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Working Parents Make Great Employees and Here’s Why

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Drawing on her own maternity experiences, The&Partnership's Stephanie Trowbridge shares some of the lessons she’s learned whilst becoming a parent, and how they translate into agency life

Working Parents Make Great Employees and Here’s Why

Years ago, before the thought of having kids was much on my mind, a colleague told me that people in advertising were well prepared to be parents because they were used to a near constant level of chaos. This comment was on my mind when my son was six weeks old. After the initial excitement I was crashing down to earth, exhausted. The diligent research I had done and insights I had gathered to prepare were no use. My new client was unpredictable and never satisfied. He demanded my attention at strange hours, was extremely vocal when he wasn’t happy and making him smile was the ultimate aim. I was on a retainer with an unlimited scope for the next 18 years.

As my son continued to grow and we rode some more loop-de-loops on this wonderful rollercoaster, I realised what my colleague had said was true. Being in advertising might well give you a little helpful preparation for the chaos that ensues when you become a parent (as much as you can ever be prepared to change an explosive nappy at 4:37am).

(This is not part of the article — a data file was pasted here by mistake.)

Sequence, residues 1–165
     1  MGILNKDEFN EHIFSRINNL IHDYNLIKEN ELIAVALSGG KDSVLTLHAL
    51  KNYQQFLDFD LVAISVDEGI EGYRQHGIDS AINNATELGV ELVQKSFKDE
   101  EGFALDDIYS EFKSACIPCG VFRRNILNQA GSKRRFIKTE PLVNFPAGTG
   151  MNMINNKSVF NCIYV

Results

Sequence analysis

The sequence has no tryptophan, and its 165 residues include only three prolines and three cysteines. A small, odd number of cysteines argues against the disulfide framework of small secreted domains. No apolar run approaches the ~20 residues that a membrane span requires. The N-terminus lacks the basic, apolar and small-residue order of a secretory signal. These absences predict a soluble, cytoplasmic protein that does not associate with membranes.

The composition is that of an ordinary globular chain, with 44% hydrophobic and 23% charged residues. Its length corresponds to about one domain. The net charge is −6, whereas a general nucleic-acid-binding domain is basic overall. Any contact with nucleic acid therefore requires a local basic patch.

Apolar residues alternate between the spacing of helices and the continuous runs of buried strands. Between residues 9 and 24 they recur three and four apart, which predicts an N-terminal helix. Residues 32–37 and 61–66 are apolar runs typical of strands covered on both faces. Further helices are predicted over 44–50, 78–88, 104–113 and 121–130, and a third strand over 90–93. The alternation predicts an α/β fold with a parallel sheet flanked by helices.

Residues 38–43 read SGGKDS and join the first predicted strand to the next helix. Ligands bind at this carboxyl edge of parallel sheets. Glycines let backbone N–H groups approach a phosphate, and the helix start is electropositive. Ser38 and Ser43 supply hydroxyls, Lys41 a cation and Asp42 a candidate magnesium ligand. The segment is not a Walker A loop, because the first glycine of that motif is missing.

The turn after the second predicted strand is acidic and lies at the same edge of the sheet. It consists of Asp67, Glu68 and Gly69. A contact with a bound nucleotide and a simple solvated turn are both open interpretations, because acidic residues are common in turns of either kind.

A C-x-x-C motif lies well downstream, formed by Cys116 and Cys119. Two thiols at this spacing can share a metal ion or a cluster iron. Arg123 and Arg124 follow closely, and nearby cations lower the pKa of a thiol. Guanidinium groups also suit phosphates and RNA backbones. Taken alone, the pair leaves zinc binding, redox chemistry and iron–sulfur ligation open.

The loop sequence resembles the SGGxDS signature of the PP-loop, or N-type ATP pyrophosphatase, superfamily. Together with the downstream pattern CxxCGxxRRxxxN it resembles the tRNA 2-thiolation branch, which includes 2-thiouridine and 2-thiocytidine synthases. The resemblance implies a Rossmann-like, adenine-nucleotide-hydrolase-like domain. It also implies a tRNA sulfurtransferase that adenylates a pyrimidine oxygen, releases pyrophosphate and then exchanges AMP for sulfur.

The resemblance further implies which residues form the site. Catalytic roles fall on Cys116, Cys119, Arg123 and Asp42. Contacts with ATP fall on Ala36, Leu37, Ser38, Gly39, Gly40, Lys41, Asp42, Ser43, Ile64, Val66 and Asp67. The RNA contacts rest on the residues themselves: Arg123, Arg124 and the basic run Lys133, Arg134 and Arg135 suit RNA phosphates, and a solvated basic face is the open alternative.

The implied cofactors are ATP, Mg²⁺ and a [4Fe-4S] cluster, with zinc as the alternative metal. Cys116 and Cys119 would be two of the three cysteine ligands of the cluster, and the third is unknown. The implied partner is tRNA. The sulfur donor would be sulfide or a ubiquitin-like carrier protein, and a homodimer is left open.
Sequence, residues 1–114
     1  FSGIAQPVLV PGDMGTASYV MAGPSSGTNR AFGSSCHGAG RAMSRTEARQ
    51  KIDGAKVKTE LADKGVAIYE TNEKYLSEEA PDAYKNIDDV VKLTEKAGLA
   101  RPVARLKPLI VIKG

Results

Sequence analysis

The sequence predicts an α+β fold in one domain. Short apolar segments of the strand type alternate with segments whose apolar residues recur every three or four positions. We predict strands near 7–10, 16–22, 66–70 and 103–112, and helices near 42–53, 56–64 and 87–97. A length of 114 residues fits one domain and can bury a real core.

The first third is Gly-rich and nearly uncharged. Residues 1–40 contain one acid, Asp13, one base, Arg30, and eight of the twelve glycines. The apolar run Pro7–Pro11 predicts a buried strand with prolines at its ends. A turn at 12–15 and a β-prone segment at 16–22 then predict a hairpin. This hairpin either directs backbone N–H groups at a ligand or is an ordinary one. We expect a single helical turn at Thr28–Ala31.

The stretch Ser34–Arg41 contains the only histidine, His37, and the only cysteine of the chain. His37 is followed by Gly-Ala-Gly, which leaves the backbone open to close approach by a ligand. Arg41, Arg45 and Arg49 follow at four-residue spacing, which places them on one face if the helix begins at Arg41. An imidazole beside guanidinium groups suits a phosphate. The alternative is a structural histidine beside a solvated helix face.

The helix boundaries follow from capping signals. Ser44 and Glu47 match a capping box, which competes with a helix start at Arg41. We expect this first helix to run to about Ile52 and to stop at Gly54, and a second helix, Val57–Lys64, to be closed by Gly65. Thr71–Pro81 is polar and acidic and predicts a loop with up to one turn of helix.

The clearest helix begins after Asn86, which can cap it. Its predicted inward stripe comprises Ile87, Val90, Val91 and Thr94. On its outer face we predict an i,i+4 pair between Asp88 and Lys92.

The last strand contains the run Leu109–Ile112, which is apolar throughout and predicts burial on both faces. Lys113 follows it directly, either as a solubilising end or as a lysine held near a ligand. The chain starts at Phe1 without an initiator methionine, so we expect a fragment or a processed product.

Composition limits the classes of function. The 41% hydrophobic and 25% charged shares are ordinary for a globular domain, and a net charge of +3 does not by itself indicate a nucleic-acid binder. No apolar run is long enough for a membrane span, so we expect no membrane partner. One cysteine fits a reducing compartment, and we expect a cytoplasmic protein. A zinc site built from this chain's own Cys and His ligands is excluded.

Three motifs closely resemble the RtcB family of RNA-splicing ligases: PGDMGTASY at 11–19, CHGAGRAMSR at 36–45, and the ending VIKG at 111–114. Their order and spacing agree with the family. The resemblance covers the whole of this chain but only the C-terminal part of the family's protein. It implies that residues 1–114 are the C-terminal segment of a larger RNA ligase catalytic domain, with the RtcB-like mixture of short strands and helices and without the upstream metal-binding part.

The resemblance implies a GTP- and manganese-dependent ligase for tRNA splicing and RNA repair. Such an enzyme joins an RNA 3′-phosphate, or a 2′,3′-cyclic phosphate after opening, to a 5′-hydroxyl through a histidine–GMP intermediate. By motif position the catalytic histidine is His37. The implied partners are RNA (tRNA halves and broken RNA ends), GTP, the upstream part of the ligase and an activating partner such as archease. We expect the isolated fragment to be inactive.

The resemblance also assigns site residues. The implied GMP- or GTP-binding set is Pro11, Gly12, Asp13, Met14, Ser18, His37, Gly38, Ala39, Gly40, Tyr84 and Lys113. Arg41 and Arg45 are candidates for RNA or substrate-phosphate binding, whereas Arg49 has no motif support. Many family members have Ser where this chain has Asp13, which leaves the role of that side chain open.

However, what I didn’t realise until I returned to work is that the reverse is equally true and that being a parent can also prepare you for some of the challenges of agency life. As I reflect on my time back at work, I’ve noticed that there are several situations I encounter in my day-to-day where I’m using the lessons I’ve learnt becoming a parent.

Just keep swimming

All too often we work right up to a deadline, taking our time initially only to rush towards the end. Anyone who has taken a three-month-old to a swimming lesson knows this won’t work. Building in time before the class to get your baby into the swim nappy that promises no ‘faecal leakage’ (I’m yet to find a better description for a product) is infinitely more beneficial than spending 10 minutes finding the one missing, matching mitten before you leave the house. There will never be as much time as you would like to complete a project, so I’ve truly learnt the benefit of planning ahead, motoring from the start and not stopping for a cup of tea until the nappy bag is packed.

The light at the end of the tunnel